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In this episode of the Insights podcast, we spoke with Juli Smith, director of strategic partnerships, ZOLL Data Systems about the impacts of staffing shortages and the No Surprises Act.
Editor’s note: The following Q&A has been edited for length and clarity.
Q: You recently spoke at an MGMA webinar on the updates and impacts from 2023 outpatient E/M coding guidelines. Can you give us an elevator pitch for that, Juli?
A: “The AMA (American Medical Association) documentation guidance is being significantly overhauled. The last time it was distributed in this manner was 1995, so we all have been married to the old guidelines for about 27 years. But January the 1st, a new groom is coming to town and there are significant changes. The great thing about that webinar is; it’s kind of like some great pre-marital advice. What’s coming? How do you tune in? How do you get prepared? Because your world is really going to change if you're utilizing the E/M codes, particularly in the area of medical decision making.”
Q: Give us some background then, you said the last update had been 27 years ago? Is this just like locusts, they show up every 27 years? Or what is the thought process?
A: “The truth is, it’s really complex. If you looked at the timeline, they tried numerous times to revise the documentation guidance for the E/M guidelines, and they just really couldn’t get to a central place. They couldn’t come to agreement – all of the stakeholders - (this update) was tried several times.
The fabulous thing is that CMS and the AMA, who produces CPT, are really for the first time in lockstep. There are going to be very few places where CMS policy differs from the AMA CPT guidelines, and that's really helpful to all of us. They're also really hearing the message that clinicians have been overburdened by documentation, overburdened by the clicks in the EHR. This revision is a very substantial step forward in (reducing) the documentation burden for clinicians. Let's do what we can to free them up for care.”
Q: One of the things you discussed in that webinar was how the implementation of the No Surprises Act is impacting reimbursements. Tell us about that.
A: “The entire process really was not ready to go on time. Clinicians, those ancillary to the hospital … are seeing delays in as much as six months in their payments. Worse, they're seeing a 20% to 50% decline in initial reimbursement. …
Not only is there a huge drop in reimbursement, the core data that's needed for the process to work is not there. What's profoundly unfortunate about that is, I'm aware of billing entities who have had to lay off huge amounts of staff because, without those payments, and with that much reimbursement decline, they’re simply not solid. I'm also aware of many, multiple, in the dozens, and of course - that's just what I'm aware of - clinician groups and provider entities, who have let clinicians go.”
Q: We’re seeing catastrophic levels of staffing shortages at times. What is that doing to reimbursements?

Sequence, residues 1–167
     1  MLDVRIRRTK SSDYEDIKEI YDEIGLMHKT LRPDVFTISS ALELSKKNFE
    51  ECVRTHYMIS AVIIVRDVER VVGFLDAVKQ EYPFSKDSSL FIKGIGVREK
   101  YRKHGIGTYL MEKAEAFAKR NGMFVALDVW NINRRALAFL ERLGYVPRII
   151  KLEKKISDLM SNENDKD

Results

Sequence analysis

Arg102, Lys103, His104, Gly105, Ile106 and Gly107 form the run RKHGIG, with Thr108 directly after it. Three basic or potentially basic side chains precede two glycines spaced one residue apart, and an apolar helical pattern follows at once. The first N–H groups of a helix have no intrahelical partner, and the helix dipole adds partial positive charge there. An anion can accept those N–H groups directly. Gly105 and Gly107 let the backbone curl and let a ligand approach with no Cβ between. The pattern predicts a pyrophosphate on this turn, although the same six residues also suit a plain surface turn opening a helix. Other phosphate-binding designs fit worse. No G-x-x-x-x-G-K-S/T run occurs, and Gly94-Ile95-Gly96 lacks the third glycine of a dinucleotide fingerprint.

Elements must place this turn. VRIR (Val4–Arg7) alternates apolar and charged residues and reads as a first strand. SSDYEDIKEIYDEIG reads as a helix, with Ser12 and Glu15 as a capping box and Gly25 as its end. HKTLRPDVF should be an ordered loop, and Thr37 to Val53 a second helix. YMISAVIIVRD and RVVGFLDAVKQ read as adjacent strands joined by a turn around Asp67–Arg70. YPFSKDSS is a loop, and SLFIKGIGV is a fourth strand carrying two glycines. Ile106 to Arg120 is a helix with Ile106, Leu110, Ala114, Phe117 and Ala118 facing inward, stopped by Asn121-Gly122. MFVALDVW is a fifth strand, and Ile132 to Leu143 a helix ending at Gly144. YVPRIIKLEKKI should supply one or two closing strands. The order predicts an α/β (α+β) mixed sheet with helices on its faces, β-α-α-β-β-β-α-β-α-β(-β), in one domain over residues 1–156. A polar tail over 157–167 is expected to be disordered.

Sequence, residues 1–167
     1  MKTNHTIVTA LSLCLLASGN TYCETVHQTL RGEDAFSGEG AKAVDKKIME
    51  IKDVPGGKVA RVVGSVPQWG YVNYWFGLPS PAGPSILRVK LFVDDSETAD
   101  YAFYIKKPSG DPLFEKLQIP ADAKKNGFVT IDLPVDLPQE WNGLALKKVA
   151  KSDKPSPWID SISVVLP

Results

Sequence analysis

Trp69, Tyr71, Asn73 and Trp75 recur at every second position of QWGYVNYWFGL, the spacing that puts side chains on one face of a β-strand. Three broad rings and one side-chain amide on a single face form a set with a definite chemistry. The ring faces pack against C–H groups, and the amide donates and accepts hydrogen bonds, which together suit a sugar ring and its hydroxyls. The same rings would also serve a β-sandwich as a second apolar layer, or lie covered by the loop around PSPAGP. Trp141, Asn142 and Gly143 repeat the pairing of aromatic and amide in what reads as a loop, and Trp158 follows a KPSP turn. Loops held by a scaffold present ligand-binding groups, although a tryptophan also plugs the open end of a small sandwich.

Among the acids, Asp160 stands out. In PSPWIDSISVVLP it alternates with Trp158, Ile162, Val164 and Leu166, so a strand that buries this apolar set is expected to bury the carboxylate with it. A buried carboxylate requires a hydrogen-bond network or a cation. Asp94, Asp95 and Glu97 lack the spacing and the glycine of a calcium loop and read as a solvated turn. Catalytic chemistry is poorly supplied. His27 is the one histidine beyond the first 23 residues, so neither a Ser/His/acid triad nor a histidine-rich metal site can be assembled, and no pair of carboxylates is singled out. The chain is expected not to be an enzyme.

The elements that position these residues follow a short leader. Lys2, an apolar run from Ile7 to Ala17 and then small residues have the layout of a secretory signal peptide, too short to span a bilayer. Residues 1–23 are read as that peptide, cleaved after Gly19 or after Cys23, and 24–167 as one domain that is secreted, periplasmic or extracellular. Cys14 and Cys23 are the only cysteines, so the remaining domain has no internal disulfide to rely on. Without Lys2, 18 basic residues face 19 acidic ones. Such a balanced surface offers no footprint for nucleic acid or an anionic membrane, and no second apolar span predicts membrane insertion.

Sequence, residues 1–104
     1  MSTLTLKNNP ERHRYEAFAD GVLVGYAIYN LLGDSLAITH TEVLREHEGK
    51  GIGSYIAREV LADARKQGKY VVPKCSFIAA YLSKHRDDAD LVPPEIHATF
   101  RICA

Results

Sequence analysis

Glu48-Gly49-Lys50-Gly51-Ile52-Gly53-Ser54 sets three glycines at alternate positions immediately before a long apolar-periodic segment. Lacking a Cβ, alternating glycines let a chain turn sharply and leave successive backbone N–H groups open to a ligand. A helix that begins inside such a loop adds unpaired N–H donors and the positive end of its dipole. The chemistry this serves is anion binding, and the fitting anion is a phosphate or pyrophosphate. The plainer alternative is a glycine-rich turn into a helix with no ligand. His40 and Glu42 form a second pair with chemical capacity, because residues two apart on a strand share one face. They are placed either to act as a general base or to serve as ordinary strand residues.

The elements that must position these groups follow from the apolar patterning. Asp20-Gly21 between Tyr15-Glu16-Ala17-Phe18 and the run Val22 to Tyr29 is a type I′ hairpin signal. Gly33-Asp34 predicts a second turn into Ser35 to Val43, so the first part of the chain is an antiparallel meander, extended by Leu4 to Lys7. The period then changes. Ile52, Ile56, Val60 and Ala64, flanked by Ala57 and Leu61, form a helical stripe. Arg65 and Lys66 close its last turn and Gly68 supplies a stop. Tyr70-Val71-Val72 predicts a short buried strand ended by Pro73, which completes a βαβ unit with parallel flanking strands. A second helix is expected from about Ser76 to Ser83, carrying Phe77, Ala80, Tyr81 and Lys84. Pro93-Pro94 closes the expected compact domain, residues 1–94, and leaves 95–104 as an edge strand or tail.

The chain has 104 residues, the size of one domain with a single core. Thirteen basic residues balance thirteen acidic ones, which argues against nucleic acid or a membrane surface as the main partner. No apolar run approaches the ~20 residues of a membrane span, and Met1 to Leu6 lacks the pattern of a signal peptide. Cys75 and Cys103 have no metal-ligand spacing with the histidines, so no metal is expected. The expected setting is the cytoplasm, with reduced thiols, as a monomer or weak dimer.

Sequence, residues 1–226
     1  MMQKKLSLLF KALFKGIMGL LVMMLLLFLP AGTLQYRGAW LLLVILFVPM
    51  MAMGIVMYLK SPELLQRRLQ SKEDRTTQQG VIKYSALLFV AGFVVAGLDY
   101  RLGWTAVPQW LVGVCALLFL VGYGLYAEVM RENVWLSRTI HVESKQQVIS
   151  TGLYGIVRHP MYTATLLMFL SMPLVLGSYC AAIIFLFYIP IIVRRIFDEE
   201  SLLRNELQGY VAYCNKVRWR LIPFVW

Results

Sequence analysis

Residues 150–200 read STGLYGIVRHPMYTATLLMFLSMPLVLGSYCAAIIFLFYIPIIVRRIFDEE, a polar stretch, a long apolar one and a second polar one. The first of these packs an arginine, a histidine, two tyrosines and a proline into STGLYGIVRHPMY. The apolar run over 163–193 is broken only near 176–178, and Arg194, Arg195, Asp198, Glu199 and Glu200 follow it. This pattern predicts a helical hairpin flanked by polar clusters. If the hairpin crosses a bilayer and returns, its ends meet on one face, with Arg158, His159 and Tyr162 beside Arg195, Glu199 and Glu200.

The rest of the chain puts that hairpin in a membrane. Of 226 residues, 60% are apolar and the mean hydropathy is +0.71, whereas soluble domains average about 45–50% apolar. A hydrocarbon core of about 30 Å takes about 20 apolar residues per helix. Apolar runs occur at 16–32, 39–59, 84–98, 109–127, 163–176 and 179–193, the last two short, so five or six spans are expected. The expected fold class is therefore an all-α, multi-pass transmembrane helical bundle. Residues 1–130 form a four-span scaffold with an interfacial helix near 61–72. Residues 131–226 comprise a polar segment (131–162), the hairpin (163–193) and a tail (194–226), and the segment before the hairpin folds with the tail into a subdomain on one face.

A: “For the last nine months, the AHA (American Hospital Association) has released a negative margin of on average .98 for hospitals, and that is a combination of the reduction in reimbursement, and also the incredible costs of traveling nurses, (because) they're paying a lot to get staff in. So it really is that double whammy; staffing all across the reimbursement process is more expensive. …
When we have fewer clinicians on the wall as America’s safety net in our emergency departments - fewer radiologists to read, and interpret, etc. - it's patient access. I'm a little bit biased here, but in a year, when the top five payers have seen more margin than Apple, more margin than Google, than Netflix, and our clinicians are negative margins, cutting pay, cutting hours. Ultimately, that impacts the patient, and we really have got to address that inequity in healthcare.”
Q: What are some, even initial steps that we can take to make that burden less burdensome? What are you thinking?
A: “We've really regulated the clinicians; we have not regulated health care insurance entities. And I'm not a fan of regulation, but I do think we have to do some things around how much of what the insurers are bringing in is being paid out to clinicians. What authority does an insurer have to deny care? That really is the practice of medicine. Texas recently passed legislation that said that only a clinician could deny care, because when we say a procedure is needed or not needed, are we not practicing medicine?
So I know I'll be in Washington next month lobbying for those very things. I encourage everyone here to get involved, send letters. We need the No Surprises Act to be implemented in the way that Congress intended, as opposed to how it has been rolled out. Those things will make a difference, but there's no quick fix, but t I certainly think there's a lot of money in the system. When margin beats out Apple, Google and Netflix, the money's there, let's get it to taking care of patients rather than profits for investors.”
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The MGMA Insights podcasts are produced by Daniel Williams, Rob Ketcham and Decklan McGee.
This episode is brought to you by ZOLL Data Systems A.R. optimization solutions for healthcare. The ZOLL A.R. Boost solution suite increases revenue from payers and patients in compliance with the No Surprises Act while reducing front-end workload and freeing up staff for higher-value activities. Visit www.zolldata.com/arboost to learn how you can ensure no payments are left on the table.